Syngenta to let Mega-Genome Patent Lapse: "Daisy-cutter" Patent Bomb Busted

Following 72 hours of negotiations by e-mail, telephone and in-person, the Swiss Gene Giant Syngenta confirmed to ETC Group (11.02.2005), that it would allow its multi-genome patent application covering the flowering sequences in at least 40 plant species to lapse at the European Patent Office (EPO), the U.S. Patent and Trademark Office (USPTO) and around the world. Syngenta's announcement follows a month-long campaign launched by ETC Group and supported by farmers' organizations, trade unions and other civil society organizations.

The patent was called the "daisy-cutter" after the world's largest conventional bomb, which has parachuted from US Air Force cargo planes to clear troop-landing sites in Vietnam and during the Gulf and Iraq Wars. The daisy-cutter bomb explodes about three feet above the ground and delivers "shock and awe" by destroying everything living within a radius of 1000 feet. The Swiss company's patent application (WO03000904A2/3) claims, among other things, discovery of the DNA sequence coding for the flowering of the rice crop. Beyond rice, however, the company also claims the sequence as it appears in many other major food crops from wheat to bananas. "Syngenta's application even claimed monopoly over the flowering process in yet-to-be-discovered species that use the same sequence," says Pat Mooney ETC Group's Executive Director. Mooney met with Syngenta in Bern, Switzerland last Thursday and received a telephone call from the company Friday morning confirming it would let the patent application lapse.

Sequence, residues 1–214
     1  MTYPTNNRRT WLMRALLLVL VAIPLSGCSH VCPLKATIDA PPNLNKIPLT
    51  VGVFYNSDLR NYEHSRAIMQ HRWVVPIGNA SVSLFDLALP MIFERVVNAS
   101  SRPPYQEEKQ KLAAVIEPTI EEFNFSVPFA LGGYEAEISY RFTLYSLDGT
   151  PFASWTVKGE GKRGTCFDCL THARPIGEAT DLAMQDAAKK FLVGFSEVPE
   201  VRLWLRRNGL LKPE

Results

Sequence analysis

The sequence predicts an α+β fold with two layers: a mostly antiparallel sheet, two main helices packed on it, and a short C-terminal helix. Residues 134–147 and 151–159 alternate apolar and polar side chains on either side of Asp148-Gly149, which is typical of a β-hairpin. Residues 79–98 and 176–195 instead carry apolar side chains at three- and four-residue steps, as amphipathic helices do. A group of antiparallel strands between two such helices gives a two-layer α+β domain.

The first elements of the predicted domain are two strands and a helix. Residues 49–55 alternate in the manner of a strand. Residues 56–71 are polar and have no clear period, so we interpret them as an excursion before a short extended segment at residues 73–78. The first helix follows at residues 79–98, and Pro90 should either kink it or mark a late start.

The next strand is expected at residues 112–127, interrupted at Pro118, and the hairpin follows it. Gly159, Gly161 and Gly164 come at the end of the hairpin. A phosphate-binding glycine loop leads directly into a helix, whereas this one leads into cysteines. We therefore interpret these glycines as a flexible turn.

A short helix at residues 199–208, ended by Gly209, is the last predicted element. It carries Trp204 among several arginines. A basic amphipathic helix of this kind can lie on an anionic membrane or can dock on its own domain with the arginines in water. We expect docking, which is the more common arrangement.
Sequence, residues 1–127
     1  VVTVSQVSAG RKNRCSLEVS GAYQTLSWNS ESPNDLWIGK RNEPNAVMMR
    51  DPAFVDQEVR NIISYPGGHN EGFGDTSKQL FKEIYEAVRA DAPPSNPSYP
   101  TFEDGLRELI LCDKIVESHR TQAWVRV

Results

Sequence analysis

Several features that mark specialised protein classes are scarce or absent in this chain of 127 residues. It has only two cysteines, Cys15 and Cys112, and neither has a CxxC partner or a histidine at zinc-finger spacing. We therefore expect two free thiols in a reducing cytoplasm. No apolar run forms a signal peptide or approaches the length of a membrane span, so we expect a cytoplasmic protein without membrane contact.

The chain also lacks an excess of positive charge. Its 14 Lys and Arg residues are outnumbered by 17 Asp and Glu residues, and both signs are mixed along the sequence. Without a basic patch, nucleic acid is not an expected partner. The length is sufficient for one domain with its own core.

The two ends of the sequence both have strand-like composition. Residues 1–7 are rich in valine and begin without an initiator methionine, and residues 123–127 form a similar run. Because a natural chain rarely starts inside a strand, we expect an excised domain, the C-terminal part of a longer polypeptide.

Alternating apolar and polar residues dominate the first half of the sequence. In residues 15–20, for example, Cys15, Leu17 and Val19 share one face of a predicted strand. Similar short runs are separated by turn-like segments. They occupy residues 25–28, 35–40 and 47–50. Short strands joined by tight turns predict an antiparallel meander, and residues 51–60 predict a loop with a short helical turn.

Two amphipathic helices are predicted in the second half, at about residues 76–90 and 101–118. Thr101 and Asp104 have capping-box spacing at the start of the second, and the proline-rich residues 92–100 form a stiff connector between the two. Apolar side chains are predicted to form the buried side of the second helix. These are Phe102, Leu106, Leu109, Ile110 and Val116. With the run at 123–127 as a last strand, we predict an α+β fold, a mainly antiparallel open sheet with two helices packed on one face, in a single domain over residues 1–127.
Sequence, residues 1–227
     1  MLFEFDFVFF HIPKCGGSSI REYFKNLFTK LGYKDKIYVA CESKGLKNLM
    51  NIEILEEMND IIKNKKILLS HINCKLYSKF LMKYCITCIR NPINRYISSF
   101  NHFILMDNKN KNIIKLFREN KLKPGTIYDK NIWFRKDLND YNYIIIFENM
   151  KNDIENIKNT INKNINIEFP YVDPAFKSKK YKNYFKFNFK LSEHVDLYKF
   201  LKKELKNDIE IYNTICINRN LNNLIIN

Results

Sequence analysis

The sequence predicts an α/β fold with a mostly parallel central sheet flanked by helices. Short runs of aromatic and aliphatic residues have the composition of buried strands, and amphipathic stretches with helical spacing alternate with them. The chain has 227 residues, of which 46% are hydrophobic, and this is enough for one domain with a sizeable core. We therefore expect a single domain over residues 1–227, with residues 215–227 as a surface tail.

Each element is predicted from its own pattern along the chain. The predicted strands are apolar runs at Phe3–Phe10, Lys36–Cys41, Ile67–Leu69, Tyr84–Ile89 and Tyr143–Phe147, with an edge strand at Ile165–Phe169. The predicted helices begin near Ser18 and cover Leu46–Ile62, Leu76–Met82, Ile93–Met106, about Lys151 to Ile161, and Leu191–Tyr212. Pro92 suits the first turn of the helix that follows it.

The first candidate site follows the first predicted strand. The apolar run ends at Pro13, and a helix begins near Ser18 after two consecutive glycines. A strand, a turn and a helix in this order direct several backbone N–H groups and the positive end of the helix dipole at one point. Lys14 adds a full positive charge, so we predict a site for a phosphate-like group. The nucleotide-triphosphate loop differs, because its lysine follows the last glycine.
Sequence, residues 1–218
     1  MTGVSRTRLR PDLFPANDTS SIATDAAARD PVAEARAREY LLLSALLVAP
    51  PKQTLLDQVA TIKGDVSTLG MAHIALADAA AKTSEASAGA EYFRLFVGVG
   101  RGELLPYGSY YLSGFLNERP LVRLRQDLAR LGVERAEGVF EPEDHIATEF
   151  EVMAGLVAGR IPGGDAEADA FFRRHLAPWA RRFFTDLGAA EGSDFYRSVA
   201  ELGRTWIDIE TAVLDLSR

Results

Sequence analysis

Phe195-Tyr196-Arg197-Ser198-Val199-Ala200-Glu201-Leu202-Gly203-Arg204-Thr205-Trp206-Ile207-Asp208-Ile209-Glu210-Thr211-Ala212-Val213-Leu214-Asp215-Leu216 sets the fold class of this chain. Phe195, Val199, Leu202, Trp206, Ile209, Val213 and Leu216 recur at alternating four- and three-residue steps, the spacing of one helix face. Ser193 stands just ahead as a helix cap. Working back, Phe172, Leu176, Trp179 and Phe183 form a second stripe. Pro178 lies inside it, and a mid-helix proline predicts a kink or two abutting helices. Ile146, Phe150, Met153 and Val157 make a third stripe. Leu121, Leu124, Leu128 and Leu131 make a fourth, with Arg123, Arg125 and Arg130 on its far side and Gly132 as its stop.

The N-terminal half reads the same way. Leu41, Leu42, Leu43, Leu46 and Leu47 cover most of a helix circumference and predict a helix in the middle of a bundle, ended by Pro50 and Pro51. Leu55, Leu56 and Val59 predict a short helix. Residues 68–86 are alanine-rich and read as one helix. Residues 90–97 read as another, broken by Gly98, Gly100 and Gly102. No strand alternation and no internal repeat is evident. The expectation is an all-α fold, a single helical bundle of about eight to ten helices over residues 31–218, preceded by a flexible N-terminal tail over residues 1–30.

Mooney and Andrew Bennett of the Syngenta Foundation debated the patent at a Swissaid Conference on Gene Technologies in the Swiss capital before an audience of 240 government- and civil society- representatives including the Minister of Agriculture of Zambia and a number of other Swiss corporation officials. Hope Shand of ETC Group wrote to Syngenta on January 25 calling upon the company to abandon its patent claims. The company replied in an e-mail dated February 8 suggesting that the company was not pursuing the patent in developing countries. "However, it was ambiguous about whether or not it would maintain its applications in Europe and the United States," Mooney said in the debate. Following the public encounter, Mr. Bennett said he would attempt to clarify the situation as soon as possible. The February 11 phone call from Syngenta made clear that the patent application will be allowed to lapse around the world. Subsequently, the International Union of Food, Agricultural, Hotel, Restaurant, Catering, Tobacco and Allied Workers' Associations (IUF) in Geneva also received a letter from the Corporation confirming that the patent application will be allowed to lapse.

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